ARTERIAL ULCER

By Gary M. White, MD


An arterial ulcer (AU) is an ulcer of the leg or foot that develops from arterial insufficiency.

Clinical

The most common sites for these ulcers are the toe, heel, and lateral malleolus. The ulcer base is often pale compared with the red granulation tissue of a venous ulcer. Little or no bleeding occurs. Look also for atrophic skin, a decrease in hair, thickened nails, pallor on elevation, and rubor of dependency. Numbness, paresthesias, or unilaterally cold feet may occur. Peripheral pulses are weak or absent.

Treatment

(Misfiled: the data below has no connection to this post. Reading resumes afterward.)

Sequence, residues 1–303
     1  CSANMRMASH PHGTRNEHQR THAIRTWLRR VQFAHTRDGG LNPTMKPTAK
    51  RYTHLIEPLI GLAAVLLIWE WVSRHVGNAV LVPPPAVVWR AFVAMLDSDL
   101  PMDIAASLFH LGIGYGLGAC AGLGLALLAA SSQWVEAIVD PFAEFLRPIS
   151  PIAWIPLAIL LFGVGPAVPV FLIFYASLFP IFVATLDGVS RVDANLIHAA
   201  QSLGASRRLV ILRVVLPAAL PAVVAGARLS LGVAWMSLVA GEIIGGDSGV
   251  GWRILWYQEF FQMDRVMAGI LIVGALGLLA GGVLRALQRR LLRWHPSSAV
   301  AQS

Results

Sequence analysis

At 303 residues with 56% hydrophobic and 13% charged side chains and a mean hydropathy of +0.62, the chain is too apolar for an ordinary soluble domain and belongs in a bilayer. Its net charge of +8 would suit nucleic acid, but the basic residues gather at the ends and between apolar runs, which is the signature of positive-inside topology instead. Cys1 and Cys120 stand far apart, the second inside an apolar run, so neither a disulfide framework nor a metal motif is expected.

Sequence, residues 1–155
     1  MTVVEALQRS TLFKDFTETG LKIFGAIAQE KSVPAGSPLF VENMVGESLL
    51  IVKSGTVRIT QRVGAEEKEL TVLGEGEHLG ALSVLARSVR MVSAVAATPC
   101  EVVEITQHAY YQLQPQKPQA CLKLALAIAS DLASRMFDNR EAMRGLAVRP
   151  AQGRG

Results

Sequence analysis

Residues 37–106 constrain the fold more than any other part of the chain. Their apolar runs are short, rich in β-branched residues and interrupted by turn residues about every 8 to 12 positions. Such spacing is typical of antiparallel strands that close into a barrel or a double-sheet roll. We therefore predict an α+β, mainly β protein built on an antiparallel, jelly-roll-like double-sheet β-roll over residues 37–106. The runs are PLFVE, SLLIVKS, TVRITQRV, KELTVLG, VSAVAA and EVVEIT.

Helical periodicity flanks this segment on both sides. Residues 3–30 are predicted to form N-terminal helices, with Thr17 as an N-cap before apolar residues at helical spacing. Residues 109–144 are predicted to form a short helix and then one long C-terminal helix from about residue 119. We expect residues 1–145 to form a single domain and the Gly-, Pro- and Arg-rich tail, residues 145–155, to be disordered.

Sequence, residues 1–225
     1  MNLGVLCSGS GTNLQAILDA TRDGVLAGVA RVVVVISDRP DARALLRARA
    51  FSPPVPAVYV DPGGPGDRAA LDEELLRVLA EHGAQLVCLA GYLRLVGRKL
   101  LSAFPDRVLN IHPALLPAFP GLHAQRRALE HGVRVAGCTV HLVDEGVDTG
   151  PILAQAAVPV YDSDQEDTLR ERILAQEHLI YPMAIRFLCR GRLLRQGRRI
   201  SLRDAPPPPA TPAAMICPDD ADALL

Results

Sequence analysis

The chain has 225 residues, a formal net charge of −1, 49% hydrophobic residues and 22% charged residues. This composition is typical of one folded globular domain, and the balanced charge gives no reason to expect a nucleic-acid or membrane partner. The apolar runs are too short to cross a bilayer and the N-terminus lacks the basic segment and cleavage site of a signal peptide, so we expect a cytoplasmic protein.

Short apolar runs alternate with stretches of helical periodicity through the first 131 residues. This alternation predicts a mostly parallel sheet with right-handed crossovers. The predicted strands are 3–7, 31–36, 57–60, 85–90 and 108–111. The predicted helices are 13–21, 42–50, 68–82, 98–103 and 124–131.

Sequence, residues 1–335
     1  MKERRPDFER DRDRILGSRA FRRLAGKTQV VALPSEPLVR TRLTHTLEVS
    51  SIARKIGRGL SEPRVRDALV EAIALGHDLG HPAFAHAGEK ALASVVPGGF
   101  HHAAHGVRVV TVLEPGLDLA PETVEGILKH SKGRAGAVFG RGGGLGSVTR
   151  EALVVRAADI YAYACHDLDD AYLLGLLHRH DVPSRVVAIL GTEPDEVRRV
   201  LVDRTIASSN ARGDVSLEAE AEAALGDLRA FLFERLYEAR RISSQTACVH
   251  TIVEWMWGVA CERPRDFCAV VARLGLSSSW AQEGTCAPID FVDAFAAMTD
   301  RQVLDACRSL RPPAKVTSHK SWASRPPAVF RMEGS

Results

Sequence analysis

Prevention is the best approach. Avoid all prolonged pressure in one spot or trauma. Antifungal treatment should be instituted at the first sign of tinea infection. Avoid temperature extremes to the feet. Have the toenails cut regularly. Wear comfortable shoes. For the treatment of any ulceration, avoid all pressure. With purulent drainage, treat for infection. Local care may include daily cleansing followed by application of an ointment or synthetic dressing. Compression stockings are to be avoided. Healing may take months to a year. Surgery to revascularize the limb may be necessary.

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